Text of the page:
Rockets struck the U.S. embassy in Baghdad on Monday, following two attacks targeting American military bases this past week. With many analysts attributing the spate of attacks to Iran, there is pressure on the Biden administration to pursue a hardline response against Iran. But U.S. security doesn’t depend on Iran’s culpability in the attack. Rather than choosing who to fight, President Joe Biden could make the more prudent decision to withdraw altogether.
Attacks from Iran-aligned militias are not new. The United States fell into a spiral of escalation with Iran in 2019 for the same reason. But it’s paradoxical to protect American troops by pursuing actions that will result in more American troops being attacked. This isn’t to say that we just accept a new normal of rockets hitting U.S. troops weekly, either. But the way to stop these attacks is not with escalation.
Rather than juggle between confrontation and appeasement, the United States can reject this dichotomy altogether and simply leave militarily. President Ronald Reagan did just that in response to the 1983 Beirut barracks bombing. Biden doesn’t have to thread the needle of a “contested deterrence” that tolerates U.S. casualties as an acceptable price to contain Iran.
Iran is altogether not a threat to the United States or even the region. Iran’s conventional military is based on modified equipment from before the 1979 revolution. Iran’s only sources of strength are in its asymmetric forces in the Islamic Revolutionary Guard Corps. And these are not designed to take territory, but to punish and deter a superior rival with ballistic missiles.
Consequently, the United States would only be threatened if it chooses to stay in Iraq, Syria, and in the Persian Gulf, among the few places where Iran is actually capable of striking effectively. Iran is only powerful near its borders and in its maritime backyard. Unfortunately, that’s just where U.S. troops have been positioned. It’s rational to exchange vulnerability for invulnerability by moving troops out of Iran’s crosshairs.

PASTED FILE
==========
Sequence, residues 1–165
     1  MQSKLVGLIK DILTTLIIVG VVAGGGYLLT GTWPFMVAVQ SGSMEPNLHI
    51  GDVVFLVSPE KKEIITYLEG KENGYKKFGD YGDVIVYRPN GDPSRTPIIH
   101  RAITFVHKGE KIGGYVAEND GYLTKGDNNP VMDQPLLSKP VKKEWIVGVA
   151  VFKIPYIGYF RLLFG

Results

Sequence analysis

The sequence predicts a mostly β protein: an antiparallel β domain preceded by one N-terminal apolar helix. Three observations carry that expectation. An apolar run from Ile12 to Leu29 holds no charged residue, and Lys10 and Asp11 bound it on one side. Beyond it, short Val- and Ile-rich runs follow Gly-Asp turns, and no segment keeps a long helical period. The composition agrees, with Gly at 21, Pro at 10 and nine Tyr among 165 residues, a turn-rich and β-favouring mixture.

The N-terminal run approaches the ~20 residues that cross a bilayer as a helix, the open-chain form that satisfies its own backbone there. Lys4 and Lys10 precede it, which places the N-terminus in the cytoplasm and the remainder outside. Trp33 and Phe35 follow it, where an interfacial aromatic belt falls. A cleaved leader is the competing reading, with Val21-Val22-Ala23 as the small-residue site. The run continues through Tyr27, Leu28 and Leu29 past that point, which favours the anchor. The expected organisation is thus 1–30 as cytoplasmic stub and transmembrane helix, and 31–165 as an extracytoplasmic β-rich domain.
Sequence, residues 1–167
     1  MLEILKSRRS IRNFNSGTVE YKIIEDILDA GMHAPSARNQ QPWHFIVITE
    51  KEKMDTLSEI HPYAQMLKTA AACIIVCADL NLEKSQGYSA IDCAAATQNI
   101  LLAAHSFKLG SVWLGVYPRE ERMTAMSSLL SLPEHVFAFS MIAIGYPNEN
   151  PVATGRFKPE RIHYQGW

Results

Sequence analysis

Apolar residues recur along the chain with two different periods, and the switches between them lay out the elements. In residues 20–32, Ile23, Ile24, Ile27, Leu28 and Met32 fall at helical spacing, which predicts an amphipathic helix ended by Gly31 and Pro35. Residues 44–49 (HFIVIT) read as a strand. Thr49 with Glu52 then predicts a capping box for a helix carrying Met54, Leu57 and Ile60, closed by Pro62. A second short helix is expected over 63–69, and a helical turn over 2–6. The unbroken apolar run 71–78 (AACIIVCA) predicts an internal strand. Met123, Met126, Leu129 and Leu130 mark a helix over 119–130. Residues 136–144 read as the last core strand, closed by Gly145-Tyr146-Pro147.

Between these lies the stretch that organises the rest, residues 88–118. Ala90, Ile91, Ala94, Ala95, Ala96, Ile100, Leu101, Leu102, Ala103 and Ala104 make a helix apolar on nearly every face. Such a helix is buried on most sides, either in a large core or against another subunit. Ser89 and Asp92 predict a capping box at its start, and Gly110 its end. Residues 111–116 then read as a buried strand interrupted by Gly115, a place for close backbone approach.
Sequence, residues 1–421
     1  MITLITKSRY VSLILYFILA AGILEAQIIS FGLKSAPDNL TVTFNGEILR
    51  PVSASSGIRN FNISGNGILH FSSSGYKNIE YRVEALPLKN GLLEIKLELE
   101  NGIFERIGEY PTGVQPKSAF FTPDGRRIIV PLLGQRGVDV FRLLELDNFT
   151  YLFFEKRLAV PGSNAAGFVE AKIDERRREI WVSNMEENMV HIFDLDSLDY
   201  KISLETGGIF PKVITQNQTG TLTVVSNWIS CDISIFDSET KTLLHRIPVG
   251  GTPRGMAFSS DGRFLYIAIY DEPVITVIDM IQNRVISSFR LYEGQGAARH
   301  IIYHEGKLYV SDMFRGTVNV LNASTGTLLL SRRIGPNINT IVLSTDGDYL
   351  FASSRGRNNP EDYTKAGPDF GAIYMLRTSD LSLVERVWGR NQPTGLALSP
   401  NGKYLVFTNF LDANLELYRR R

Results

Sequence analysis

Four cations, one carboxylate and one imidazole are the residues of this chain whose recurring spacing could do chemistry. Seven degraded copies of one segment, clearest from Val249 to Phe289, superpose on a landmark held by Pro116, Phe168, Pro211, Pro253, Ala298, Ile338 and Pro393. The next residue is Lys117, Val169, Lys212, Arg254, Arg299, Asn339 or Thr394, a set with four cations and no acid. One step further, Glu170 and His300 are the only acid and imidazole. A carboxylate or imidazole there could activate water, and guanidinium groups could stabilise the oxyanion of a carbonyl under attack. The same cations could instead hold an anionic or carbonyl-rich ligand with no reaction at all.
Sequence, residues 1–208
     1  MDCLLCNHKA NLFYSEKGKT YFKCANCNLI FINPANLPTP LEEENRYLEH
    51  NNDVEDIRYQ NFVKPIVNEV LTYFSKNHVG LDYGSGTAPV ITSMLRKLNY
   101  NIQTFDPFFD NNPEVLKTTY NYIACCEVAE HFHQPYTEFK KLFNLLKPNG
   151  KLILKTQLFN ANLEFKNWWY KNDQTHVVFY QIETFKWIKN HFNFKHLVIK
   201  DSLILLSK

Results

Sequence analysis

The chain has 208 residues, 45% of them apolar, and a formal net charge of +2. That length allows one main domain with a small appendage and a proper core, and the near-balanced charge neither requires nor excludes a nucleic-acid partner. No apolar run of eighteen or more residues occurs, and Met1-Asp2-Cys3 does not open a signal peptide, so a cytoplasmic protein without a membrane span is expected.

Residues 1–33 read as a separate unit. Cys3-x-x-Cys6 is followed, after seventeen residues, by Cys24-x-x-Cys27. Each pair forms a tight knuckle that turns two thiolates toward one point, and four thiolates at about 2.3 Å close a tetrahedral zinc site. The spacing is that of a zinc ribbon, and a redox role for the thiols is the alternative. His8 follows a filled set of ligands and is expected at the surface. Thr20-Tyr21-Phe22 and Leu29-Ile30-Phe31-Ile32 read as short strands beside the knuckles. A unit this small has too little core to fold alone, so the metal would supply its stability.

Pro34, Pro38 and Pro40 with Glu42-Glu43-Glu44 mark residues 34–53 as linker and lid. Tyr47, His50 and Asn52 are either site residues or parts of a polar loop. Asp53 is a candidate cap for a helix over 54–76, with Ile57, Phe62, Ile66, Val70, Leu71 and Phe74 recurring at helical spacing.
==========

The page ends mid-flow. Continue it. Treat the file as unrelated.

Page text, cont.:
The U.S. anti-ISIS mission in Iraq is an “advise-and-assist” mission meant to be handed over to Iraqis. Nearly two years have passed since ISIS lost all its territory and lost its leader. Preventing an ISIS resurgence requires addressing grievances, something the U.S. military is not equipped to do.
Moreover, the United States is overstaying its welcome despite the Iraqi parliament’s demands for withdrawal last year. Iraq’s sovereignty is not just a dispensation of American power, and both U.S. interests and the legitimacy of Iraq’s democracy would be furthered by a U.S. withdrawal.
American withdrawal doesn’t mean Iraq becomes a satrapy of Iran. As recent reorganizations of the Iraqi Popular Mobilization Forces show, Iraq’s factional politics already serve as a check on Iran’s influence. Moreover, a military withdrawal would remove the incentive for Iran to project power inside Iraq. Withdrawing would thereby protect Iraqi sovereignty by reducing Iran’s threat perception.
Leaving militarily wouldn’t jeopardize U.S. aims of engaging Iraq, either. But this engagement would have to be diplomatic and economic. And this low-cost engagement is more commensurate with actual U.S. interests in the region. The United States is not as dependent on oil from the Middle East as in decades past. The benefit the United States derives from staying in Iraq is negligible compared to the risks of staying. Therefore, for the limited aims that are worth securing, a soft-power approach is the more prudent course of action.
The United States has two options in response to continued rocket attacks in Iraq. It can double down on a failed attempt at deterring Iran. Alternatively, Washington can acknowledge that the price of staying is not worth it and pursue limited objectives with a renewed diplomatic approach. There is no dishonor in leaving a conflict that’s not worth it. There is dishonor in sacrificing U.S. servicemen in vain. President Biden would better advance U.S. interests by advancing diplomatically and retrenching militarily.
Geoff LaMear is a Fellow at Defense Priorities.